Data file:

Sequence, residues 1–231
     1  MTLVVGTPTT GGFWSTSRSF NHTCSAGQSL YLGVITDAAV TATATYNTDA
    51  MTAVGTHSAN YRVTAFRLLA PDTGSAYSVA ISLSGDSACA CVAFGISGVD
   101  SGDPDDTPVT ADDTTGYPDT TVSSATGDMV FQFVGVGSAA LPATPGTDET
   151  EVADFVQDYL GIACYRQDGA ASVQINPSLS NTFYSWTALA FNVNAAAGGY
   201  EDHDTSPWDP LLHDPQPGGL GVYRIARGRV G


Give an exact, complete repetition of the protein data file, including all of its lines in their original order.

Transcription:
Sequence, residues 1–231
     1  MTLVVGTPTT GGFWSTSRSF NHTCSAGQSL YLGVITDAAV TATATYNTDA
    51  MTAVGTHSAN YRVTAFRLLA PDTGSAYSVA ISLSGDSACA CVAFGISGVD
   101  SGDPDDTPVT ADDTTGYPDT TVSSATGDMV FQFVGVGSAA LPATPGTDET
   151  EVADFVQDYL GIACYRQDGA ASVQINPSLS NTFYSWTALA FNVNAAAGGY
   201  EDHDTSPWDP LLHDPQPGGL GVYRIARGRV G